Church architecture shaping Christianity’s presence in China

Christianity is exerting a growing presence in China not only through proliferating churches but also due to their architectural style and geography, writes Michel Chambon in the journal Studies in World Christianity (July/August). The anthropologist studied the locations and architectural styles of congregations in the city of Nanping and the province of Fujian, an area which reflects the urban-rural makeup of the rest of the country. The churches tend to be built in locations distinct from Buddhist temples and other religious groups in that they are inside residential areas (most temples are on town borders near burial places), on the top of hills (temples are often constructed on the slopes of hills in a concern to follow folk practices of fengshui, “Qi energies,” and geomancy), and decorated with lights while temples’ interior lights are not visible at night. Chambon adds, “Echoing the positioning at the top of hills, there is an overall emphasis on verticality for churches. A tall building, a high tower, a cross on top….” In fact, “Christian prayer hills” are numerous in China, many of them referring to material entities, such as a rock or snake.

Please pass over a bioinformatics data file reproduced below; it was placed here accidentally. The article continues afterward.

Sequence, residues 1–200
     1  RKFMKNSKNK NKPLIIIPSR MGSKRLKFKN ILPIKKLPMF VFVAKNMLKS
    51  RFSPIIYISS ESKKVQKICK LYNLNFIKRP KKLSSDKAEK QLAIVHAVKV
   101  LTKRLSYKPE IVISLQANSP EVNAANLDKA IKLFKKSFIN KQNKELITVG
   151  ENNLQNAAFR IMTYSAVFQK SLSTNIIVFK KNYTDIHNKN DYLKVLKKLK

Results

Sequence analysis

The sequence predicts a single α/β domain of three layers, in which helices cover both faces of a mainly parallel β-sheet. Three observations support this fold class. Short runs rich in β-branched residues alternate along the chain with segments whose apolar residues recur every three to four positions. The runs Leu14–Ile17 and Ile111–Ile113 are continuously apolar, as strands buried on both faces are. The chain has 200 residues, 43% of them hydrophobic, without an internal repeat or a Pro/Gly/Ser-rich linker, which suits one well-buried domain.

Churches tend to be associated with modernity, especially as other religious buildings are becoming more traditional in style. While the tops of mountains are traditionally inauspicious or seen as negative, “Christians use this position, suggesting that their building, like their God, does not depend on occult powers…. Their God does not worry about the Qi of the mountain, the wind of the typhoons, or other worldly powers,” Chambon writes. These churches “speak to Christian and non-Christian…[and] advocate for another kind of religiosity, presence of a specific actor, the Christian God, and encourage a worldview where this God could be the center. They play an active role in the process of making the presence of the Christian God tangible.”

(Studies in World Christianity,